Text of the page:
It's clear people use the Internet for everything these days. Take Jellystone: You can't really get a signal on your cell phone, but you can now use Skype.
In Colorado, Tony Ponce, his wife Michelle and son Austin were vacationing there recently from Kansas. They like having all these amenities at their fingertips.
"I mean, we came here to camp, you know, get away from that kind of stuff. But it's nice to have. 'Cause there are times when you're sitting out here and you're bored," Ponce says.
And the other night, when the Ponces got bored?
"We actually watched Big Brother from the computer last night," Ponce said. To which his son added, "We can't miss Big Brother."
Fortunately for Big Brother's ratings, it's getting easier and easier to watch shows online from campgrounds across the country. Since 2002, more than 6,000 of the 8,000 private campgrounds in the country have added wi-fi, the bulk of which happened in the last couple years.
But don't worry, there are still a few purists out here.
"Stress — technology to me equates to stress," says camper Eric Kottner.
Over in Rocky Mountain National Park, Kottner and a couple of his buddies from Kentucky are getting ready to hike into the wilderness to camp for the night.
"I'm super excited to be away from that computer and have its lid closed, tightly," Kottner says.
Which is good because the park just added wi-fi at two visitor centers, but not at any of its campgrounds. The park service says this is the case for the rest of its some 3,000 campgrounds across the country, and there are no plans to change that.
A Positive Connection
Still, Rocky Mountain National Park spokeswoman Kyle Patterson says there may be an upside to all this connectivity.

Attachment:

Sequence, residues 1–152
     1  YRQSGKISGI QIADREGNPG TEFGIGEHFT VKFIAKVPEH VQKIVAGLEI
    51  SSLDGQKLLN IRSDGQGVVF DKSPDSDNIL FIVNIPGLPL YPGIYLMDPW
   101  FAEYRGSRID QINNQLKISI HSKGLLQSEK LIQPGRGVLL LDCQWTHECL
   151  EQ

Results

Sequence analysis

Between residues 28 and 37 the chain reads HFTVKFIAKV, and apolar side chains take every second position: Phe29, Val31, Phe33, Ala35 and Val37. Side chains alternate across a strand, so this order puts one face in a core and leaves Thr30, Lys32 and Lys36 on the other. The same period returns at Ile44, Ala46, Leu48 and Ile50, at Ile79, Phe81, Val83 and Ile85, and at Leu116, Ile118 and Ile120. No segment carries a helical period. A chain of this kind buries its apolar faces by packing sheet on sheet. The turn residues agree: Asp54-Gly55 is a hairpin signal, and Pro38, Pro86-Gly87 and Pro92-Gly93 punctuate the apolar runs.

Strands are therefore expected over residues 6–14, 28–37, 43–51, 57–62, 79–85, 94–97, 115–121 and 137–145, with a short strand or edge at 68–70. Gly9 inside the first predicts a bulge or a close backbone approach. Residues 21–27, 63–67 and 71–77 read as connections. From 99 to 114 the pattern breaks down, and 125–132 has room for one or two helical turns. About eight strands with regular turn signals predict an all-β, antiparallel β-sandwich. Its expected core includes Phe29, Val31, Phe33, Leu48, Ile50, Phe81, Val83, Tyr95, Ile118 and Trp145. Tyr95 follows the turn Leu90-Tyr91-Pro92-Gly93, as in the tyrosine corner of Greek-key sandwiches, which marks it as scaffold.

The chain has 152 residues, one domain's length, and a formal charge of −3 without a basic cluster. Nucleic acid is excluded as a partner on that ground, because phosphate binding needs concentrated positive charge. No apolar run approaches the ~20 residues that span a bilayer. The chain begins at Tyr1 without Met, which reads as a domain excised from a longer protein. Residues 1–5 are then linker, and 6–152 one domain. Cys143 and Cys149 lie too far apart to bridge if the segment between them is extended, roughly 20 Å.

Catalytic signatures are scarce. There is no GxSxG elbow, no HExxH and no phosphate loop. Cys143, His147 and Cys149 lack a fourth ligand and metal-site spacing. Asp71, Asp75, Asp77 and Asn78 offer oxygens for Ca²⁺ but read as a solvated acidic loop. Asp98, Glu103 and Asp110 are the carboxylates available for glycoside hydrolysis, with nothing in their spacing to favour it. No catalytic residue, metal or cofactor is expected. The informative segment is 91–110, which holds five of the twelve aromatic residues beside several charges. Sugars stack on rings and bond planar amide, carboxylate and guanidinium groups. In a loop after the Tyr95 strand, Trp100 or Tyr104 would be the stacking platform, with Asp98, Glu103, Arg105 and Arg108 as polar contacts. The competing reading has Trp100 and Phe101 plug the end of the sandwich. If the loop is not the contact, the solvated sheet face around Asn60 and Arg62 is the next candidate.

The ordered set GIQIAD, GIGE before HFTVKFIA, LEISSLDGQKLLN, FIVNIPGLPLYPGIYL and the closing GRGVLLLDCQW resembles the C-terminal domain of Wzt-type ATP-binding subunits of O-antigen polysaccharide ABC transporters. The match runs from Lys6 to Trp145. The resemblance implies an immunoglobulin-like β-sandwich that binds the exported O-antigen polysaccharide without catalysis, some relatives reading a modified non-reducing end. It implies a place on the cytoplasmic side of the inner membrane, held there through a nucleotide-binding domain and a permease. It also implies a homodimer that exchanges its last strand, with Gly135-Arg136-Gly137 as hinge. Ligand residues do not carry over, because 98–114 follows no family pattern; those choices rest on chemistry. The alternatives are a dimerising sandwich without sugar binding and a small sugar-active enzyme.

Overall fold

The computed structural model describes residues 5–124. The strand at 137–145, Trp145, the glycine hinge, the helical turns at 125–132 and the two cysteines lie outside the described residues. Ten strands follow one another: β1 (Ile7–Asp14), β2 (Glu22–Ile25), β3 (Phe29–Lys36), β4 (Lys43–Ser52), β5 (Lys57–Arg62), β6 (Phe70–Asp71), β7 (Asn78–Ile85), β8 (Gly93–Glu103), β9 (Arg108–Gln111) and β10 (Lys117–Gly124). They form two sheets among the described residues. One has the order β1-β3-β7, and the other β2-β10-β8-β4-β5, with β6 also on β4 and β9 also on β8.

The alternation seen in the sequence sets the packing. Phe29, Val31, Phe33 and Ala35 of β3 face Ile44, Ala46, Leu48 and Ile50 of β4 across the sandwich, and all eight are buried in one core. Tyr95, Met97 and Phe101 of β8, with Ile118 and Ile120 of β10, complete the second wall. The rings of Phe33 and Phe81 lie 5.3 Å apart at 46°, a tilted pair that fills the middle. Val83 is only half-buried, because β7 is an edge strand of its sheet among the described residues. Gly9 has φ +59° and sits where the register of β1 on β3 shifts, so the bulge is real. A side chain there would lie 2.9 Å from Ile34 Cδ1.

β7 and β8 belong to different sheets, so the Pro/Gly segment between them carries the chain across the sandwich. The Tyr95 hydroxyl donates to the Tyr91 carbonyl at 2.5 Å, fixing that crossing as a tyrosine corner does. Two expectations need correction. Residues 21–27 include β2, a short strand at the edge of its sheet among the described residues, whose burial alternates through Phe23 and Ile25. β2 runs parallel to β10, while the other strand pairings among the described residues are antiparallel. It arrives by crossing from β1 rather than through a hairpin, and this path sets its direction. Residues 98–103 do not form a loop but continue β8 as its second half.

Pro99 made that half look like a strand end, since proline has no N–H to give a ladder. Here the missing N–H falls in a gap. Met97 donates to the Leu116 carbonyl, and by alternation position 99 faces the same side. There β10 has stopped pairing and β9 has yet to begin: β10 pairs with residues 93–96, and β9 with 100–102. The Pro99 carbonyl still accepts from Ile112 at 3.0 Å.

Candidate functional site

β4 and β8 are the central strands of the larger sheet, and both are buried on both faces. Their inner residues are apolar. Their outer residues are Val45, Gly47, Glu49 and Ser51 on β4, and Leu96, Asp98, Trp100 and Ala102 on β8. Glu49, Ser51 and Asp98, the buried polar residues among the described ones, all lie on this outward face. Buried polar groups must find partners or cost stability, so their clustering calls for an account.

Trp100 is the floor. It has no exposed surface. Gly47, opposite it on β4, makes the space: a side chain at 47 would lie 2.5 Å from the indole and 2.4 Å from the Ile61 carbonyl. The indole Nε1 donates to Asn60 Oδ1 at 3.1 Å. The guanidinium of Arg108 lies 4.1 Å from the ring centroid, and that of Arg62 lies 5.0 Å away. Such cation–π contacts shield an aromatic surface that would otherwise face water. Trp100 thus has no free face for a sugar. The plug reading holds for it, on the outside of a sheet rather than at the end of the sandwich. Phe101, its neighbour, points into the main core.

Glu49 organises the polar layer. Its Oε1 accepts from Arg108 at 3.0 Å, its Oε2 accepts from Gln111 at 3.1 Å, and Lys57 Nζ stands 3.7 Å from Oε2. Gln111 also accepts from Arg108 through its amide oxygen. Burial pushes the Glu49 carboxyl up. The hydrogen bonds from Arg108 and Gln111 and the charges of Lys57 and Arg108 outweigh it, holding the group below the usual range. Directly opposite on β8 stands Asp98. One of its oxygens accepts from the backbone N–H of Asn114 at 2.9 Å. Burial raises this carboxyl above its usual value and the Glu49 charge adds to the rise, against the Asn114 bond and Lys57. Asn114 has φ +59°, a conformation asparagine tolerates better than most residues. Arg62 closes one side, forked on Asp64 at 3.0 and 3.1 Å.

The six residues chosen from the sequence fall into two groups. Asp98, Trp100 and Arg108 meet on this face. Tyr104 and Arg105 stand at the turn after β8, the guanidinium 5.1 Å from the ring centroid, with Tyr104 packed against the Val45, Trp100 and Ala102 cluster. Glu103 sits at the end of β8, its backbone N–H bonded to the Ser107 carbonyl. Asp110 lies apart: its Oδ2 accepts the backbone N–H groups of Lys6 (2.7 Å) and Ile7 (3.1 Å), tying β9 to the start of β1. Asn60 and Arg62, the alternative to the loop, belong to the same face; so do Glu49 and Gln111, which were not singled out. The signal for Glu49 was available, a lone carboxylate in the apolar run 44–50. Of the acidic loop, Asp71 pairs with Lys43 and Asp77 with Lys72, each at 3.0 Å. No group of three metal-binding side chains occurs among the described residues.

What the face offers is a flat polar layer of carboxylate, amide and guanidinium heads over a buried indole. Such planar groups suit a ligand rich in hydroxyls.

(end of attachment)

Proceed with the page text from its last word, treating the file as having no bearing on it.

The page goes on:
"For some people, they are now showing on their Facebook pages, or tweeting, 'Look at where I just was in Rocky Mountain National Park, look at the hike I just took, look at this picture of a mule deer I just took,'" Patterson says.
And she says that's a good thing. There's now this expectation that we update our friends and family in real time as we travel. And by adding wi-fi, campgrounds are responding to this, says Eric Stumberg. He's built his Austin, Texas-based company Tengo Internet around installing wi-fi in remote places. Stumberg says it's a new marketing tool.
"Like, I have this great campground, and I want put a camera of my view, so that when I'm marketing my property, people can actually have the same view I have, and like, ‘Wow that looks beautiful.' You can see a mountain if you're in Texas or maybe you can see cooler weather if you're in some place hot," Stumberg says.
As for Jellystone in Colorado, they don't have a webcam — yet. But they are planning to hold video game tournaments this summer between campers and people who can't make it to Colorado but want to have the virtual camping experience. Because nothing says camping like Guitar Hero.